In re Adkins, Edward A. Murphy for Adkins, Julia Swingley for herself, Robert A Stok for Stok Folk + Kon

2019 Mont. B.R. 175 (May 6, 2019)

Apex Energy, LLC, Chapter 11 Small Business Case, Obtaining Credit, Priming Lien
Case no. 19-60676-11

The court may authorize the obtaining of credit only to the extent necessary to avoid immediate and irreparable harm to the estate pending a final hearing. Debtor's sole member Edwards is prepared to loan Debtor $50,000 for the purpose of reworking the well known as “FLB 4”. The proposed terms of the loan are as follows: • 5% interest; • Repayment in a single payment on March 31, 2020, or the effective date of any Chapter 11 Plan, whichever is sooner; • Loan will be secured by a senior lien on all debtor’s unencumbered assets per 11 U.S.C. § 364(c)(2); • Priming lien on all Debtor’s encumbered property per 11 U.S.C. § 364(d)(1); and• Grant lender a super priority administrative claim pursuant to 11 U.S.C. 364(c) (1), subject to a carve out for (i) allowed professional fees, and (ii) chapter 7 admin expenses.

If the Motion is not approved and reworking the wells and corresponding revenue is not produced, conversion to chapter 7 is almost assured. As for allowing Debtor to obtain interim credit, pending a final hearing, 11 U.S.C. § 364 authorizes Debtor to obtain credit with a priority administrative status, a lien on any property of the estate not already subject to a lien, and a senior lien on all property of the estate. Pursuant to section 364(c)(1), the court may authorize borrowing with a priority over “any or all” administrative expenses. A “super priority” claim is not, however, properly treated as an administrative expense, because it has priority over administrative expenses and is permitted only if the debtor “is unable to obtain unsecured credit allowable … as an administrative expense.”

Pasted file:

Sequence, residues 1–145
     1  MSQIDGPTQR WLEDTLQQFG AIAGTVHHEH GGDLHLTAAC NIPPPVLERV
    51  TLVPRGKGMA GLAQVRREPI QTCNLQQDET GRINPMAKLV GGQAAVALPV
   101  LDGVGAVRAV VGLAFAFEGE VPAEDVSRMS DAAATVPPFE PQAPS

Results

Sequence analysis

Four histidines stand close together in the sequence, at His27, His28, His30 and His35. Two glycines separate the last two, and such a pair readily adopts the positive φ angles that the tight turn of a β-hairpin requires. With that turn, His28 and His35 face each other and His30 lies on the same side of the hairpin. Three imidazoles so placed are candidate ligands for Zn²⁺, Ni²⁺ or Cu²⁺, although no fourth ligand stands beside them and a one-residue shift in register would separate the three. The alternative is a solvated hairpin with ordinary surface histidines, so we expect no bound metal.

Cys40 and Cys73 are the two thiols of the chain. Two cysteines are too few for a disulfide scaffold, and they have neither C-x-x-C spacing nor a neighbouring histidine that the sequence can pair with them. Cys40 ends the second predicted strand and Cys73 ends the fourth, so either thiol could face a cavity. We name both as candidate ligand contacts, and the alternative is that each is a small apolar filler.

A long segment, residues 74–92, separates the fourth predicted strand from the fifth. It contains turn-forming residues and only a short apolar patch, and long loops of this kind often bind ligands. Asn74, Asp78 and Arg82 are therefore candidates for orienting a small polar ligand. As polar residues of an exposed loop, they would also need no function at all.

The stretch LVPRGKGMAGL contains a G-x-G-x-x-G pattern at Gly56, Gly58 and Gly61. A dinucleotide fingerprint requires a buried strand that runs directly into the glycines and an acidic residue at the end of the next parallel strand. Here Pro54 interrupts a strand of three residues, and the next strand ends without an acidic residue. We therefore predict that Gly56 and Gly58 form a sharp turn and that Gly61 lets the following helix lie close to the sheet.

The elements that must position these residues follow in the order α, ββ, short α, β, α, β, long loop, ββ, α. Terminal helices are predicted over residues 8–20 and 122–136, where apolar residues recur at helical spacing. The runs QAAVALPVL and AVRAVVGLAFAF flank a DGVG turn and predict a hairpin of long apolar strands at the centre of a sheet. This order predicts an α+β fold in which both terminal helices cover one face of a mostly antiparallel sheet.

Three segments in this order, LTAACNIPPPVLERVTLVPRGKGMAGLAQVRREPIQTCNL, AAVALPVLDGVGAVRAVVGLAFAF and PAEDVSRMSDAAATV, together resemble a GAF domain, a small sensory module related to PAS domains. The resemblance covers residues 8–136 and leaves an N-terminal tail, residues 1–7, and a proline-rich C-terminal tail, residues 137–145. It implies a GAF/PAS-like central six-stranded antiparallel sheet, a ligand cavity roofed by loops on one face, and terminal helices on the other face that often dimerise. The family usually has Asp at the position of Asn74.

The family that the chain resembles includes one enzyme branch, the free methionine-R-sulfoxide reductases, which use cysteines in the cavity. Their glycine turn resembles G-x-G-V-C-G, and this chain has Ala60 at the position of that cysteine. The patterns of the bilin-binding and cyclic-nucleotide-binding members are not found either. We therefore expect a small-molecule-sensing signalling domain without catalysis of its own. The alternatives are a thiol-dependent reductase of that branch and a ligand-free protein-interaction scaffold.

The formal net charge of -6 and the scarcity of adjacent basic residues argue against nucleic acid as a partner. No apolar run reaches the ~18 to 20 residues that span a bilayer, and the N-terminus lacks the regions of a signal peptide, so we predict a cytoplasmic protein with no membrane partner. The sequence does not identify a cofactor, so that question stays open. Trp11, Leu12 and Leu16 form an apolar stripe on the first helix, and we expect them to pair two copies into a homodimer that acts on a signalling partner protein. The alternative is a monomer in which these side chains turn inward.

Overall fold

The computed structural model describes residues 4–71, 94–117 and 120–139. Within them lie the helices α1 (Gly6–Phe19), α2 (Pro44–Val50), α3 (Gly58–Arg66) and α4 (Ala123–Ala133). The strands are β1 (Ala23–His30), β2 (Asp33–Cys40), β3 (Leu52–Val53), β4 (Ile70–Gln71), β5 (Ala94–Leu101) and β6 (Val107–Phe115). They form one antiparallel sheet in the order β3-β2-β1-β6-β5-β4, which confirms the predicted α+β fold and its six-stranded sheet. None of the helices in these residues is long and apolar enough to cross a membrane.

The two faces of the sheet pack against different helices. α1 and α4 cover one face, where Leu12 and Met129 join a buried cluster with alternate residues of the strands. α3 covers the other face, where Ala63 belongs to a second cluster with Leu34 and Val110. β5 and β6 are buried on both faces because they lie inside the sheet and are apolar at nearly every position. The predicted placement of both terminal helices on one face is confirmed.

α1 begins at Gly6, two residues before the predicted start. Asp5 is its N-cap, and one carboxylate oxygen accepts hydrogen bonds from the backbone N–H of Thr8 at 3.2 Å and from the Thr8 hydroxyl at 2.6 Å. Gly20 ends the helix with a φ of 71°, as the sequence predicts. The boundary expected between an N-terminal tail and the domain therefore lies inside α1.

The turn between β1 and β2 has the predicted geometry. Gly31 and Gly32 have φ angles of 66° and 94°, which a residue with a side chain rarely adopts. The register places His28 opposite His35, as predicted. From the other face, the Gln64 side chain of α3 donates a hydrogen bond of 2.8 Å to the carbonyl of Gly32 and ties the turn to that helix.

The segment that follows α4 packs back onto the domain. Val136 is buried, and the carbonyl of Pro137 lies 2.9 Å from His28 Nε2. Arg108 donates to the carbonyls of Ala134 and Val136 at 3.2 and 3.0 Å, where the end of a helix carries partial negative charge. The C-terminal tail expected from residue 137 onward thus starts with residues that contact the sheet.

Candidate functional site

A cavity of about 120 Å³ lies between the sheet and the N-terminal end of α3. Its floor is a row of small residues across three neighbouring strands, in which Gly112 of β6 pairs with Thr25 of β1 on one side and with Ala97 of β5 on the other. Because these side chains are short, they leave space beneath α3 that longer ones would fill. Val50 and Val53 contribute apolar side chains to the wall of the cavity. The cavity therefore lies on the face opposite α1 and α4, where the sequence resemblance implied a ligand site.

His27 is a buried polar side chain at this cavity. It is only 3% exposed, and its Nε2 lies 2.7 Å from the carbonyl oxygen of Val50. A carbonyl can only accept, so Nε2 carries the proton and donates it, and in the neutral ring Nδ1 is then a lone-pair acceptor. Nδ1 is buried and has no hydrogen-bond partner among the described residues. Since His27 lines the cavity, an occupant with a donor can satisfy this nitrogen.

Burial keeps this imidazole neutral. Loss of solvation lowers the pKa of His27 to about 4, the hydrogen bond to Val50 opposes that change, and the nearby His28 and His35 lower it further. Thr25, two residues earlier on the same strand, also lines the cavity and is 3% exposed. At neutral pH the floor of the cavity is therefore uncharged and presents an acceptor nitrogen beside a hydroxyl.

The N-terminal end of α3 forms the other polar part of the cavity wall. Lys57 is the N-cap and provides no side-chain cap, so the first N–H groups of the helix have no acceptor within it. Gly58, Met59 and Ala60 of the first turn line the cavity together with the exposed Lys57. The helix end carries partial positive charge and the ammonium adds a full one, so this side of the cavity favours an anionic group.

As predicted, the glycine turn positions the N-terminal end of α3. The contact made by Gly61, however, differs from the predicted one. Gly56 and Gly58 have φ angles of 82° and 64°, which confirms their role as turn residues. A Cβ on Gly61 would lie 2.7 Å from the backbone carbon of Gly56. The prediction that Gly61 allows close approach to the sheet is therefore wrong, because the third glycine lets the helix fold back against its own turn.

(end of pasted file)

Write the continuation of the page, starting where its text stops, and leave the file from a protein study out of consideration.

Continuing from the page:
This Court has the authority to grant a senior lien (“priming lien”) on all assets of the estate if the debtor is unable to obtain credit otherwise, and if there is adequate protection on the property of the estate on which the senior lien is to be granted. Edwards also testified that Debtor is unable to obtain any loan other than the loan proposed in Debtor’s Motion. Debtor’s oil wells are subject to senior liens held by (i) Margaret Sannes in the amount of $776,929.29, (ii) Nortana Grain in the amount of $16,393.41, and (iii) a disputed lien claimed by Interface Treating Solutions, LLC (“Interface”) in the amount of $55,908.94.Debtor had argued that the prospective increased production and corresponding revenue would be “adequate protection” for the Nortana and Interface liens. However, Edwards also testified that even with the loan, there is no guarantee that production will return to historic levels. As a result, the Court cannot conclude that the Nortana Grain or Interface Treating Solutions (“Interface”) liens would be adequately protected if primed.